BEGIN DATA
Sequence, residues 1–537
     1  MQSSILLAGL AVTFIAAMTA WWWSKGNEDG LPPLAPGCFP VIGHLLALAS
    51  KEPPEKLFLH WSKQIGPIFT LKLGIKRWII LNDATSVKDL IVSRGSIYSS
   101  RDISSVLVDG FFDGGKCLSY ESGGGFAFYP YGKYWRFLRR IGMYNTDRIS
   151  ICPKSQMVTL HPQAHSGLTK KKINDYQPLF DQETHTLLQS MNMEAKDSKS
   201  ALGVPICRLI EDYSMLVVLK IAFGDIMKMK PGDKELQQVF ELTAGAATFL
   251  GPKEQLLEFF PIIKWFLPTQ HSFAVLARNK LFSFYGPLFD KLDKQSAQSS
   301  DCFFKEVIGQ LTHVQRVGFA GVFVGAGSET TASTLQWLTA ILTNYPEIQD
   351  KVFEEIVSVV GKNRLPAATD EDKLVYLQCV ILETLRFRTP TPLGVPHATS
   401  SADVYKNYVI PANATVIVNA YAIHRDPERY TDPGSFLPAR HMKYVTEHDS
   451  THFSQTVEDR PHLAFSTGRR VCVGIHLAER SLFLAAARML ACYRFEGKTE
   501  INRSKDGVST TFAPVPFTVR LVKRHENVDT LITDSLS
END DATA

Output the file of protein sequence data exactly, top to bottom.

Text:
Sequence, residues 1–537
     1  MQSSILLAGL AVTFIAAMTA WWWSKGNEDG LPPLAPGCFP VIGHLLALAS
    51  KEPPEKLFLH WSKQIGPIFT LKLGIKRWII LNDATSVKDL IVSRGSIYSS
   101  RDISSVLVDG FFDGGKCLSY ESGGGFAFYP YGKYWRFLRR IGMYNTDRIS
   151  ICPKSQMVTL HPQAHSGLTK KKINDYQPLF DQETHTLLQS MNMEAKDSKS
   201  ALGVPICRLI EDYSMLVVLK IAFGDIMKMK PGDKELQQVF ELTAGAATFL
   251  GPKEQLLEFF PIIKWFLPTQ HSFAVLARNK LFSFYGPLFD KLDKQSAQSS
   301  DCFFKEVIGQ LTHVQRVGFA GVFVGAGSET TASTLQWLTA ILTNYPEIQD
   351  KVFEEIVSVV GKNRLPAATD EDKLVYLQCV ILETLRFRTP TPLGVPHATS
   401  SADVYKNYVI PANATVIVNA YAIHRDPERY TDPGSFLPAR HMKYVTEHDS
   451  THFSQTVEDR PHLAFSTGRR VCVGIHLAER SLFLAAARML ACYRFEGKTE
   501  INRSKDGVST TFAPVPFTVR LVKRHENVDT LITDSLS